Anson's Voyage Round the World eBook

This eBook from the Gutenberg Project consists of approximately 182 pages of information about Anson's Voyage Round the World.

The galleon being thus fitted for her return, the captain, on leaving the port of Acapulco, steers for the latitude of 13 or 14 degrees, and runs on that parallel till he gets sight of the island of Guam, one of the Ladrones.  The captain is told in his instructions that, to prevent his passing the Ladrones in the dark, there are orders given that thorough all the month of June fires shall be lighted every night on the highest part of Guam and Rota, and kept in till the morning.  At Guam there is a small Spanish garrison, purposely intended to secure that place for the refreshment of the galleon and to yield her all the assistance in their power.  However, the danger of the road at Guam is so great, that though the galleon is ordered to call there, yet she rarely stays above a day or two, but getting her water and refreshments on board as soon as possible, she steers away directly for Cape Espiritu Santo, on the island of Samal.*

TELEGRAPHY BY BEACON.

Here the captain is again ordered to look out for signals, and he is told that sentinels will be posted, not only on that cape, but likewise in Catanduanas, Butusan, Birriborongo, and on the island of Batan.  These sentinels are instructed to make a fire when they discover the ship, which the captain is carefully to observe; for if after this first fire is extinguished he perceives that four or more are lighted up again, he is then to conclude that there are enemies on the coast, and on this he is immediately to endeavour to speak with the sentinel on shore, and to procure from him more particular intelligence of their force and of the station they cruise in, pursuant to which he is to regulate his conduct, and to endeavour to gain some secure port amongst those islands without coming in sight of the enemy; and in case he should be discovered when in port, and should be apprehensive of an attack, he is then to land his treasure and to take some of his artillery on shore for its defence, not neglecting to send frequent and particular accounts to the city of Manila of all that passes.  But if after the first fire on shore the captain observes that two others only are made by the sentinels, he is then to conclude that there is nothing to fear, and he is to pursue his course without interruption, and to make the best of his way to the port of Cabite, which is the port to the city of Manila, and the constant station for all the ships employed in this commerce to Acapulco.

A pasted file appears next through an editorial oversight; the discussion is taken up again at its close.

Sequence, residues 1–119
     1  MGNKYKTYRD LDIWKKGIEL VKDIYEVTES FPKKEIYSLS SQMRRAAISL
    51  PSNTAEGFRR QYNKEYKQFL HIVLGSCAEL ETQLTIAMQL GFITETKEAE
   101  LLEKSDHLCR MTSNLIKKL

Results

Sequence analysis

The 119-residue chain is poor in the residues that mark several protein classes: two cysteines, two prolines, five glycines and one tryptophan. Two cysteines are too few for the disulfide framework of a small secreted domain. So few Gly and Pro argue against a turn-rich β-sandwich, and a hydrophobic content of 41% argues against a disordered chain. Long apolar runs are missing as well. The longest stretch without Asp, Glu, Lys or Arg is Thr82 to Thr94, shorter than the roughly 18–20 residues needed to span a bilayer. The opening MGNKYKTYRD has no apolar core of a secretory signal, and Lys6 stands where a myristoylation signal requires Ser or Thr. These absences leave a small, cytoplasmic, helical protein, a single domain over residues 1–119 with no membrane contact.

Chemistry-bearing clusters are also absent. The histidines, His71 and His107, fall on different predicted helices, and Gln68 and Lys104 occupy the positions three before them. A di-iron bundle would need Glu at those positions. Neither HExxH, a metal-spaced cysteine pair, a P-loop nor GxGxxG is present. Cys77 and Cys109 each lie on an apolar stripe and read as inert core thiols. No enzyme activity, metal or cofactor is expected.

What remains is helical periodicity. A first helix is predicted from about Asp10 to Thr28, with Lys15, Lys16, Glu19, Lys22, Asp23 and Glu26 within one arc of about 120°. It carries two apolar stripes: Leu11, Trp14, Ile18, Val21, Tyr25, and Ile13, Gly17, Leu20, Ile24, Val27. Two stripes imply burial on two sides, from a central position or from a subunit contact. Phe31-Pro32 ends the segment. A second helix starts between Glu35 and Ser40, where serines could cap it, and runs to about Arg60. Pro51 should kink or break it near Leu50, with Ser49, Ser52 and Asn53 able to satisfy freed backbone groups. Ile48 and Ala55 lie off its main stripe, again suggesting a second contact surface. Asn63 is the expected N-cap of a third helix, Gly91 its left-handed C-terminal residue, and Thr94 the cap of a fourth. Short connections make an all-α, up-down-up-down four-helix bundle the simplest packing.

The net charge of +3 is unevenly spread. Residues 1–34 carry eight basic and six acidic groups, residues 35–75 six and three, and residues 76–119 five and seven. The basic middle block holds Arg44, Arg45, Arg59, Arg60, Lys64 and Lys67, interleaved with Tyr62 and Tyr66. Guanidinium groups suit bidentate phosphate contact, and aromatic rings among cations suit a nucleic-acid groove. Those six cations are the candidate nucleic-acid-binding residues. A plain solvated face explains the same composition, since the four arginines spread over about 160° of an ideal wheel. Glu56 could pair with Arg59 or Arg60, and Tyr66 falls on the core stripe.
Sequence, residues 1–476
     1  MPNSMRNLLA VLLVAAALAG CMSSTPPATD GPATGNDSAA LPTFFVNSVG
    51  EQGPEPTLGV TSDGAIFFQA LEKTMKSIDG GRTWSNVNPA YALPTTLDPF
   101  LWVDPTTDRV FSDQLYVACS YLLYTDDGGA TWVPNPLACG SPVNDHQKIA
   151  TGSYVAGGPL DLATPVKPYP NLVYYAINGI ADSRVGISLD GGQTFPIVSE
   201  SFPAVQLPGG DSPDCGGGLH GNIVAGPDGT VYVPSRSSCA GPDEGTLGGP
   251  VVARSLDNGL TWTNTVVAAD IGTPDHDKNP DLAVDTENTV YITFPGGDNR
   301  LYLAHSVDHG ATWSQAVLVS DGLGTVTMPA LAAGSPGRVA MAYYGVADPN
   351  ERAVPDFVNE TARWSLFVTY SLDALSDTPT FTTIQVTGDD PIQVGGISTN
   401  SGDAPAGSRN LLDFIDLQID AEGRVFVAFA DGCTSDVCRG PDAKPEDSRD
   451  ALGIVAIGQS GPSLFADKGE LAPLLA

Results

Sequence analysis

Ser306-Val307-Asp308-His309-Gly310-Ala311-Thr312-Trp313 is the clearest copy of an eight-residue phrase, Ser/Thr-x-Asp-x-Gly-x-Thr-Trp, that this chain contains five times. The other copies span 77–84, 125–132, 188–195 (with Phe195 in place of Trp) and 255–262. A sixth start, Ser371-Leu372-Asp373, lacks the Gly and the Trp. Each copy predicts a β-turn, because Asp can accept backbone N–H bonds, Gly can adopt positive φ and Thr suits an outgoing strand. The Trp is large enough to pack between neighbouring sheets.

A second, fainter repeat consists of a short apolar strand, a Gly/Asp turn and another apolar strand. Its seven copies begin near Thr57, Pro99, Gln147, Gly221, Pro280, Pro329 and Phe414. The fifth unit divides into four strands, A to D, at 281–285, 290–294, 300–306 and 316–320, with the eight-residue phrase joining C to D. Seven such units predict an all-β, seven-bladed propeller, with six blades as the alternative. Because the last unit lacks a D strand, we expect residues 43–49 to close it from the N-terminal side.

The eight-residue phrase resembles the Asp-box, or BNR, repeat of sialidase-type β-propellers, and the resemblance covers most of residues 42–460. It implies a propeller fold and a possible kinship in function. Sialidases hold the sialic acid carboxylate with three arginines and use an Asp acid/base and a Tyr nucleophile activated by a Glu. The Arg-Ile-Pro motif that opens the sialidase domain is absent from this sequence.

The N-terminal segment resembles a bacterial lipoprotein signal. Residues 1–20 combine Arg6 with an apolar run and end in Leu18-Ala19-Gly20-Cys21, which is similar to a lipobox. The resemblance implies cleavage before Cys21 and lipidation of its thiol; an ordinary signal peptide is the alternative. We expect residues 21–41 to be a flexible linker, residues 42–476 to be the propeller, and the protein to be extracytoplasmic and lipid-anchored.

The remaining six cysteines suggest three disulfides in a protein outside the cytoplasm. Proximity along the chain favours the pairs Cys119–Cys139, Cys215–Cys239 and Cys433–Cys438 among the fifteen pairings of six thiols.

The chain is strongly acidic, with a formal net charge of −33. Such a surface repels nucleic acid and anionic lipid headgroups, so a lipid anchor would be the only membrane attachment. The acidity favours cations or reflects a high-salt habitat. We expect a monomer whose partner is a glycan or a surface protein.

(Note.  Samal or Samar is an island about the centre of the Philippines, north of Mindanao.)

CHAPTER 23.  WAITING FOR THE GALLEON—­DISAPPOINTMENT—­CHEQUETAN.

On the 1st of March we made the highlands over Acapulco, and got with all possible expedition into the situation prescribed by the Commodore’s orders.*

(Note.  The two men-of-war and the three prizes were arranged out of sight of the land in “a circular line,” the two extremities of which were thirty-six miles apart.  Within this line, and much nearer to the port, especially at night, were two cutters, whose duty it was to watch the mouth of the harbour and signal to the ships outside them.)

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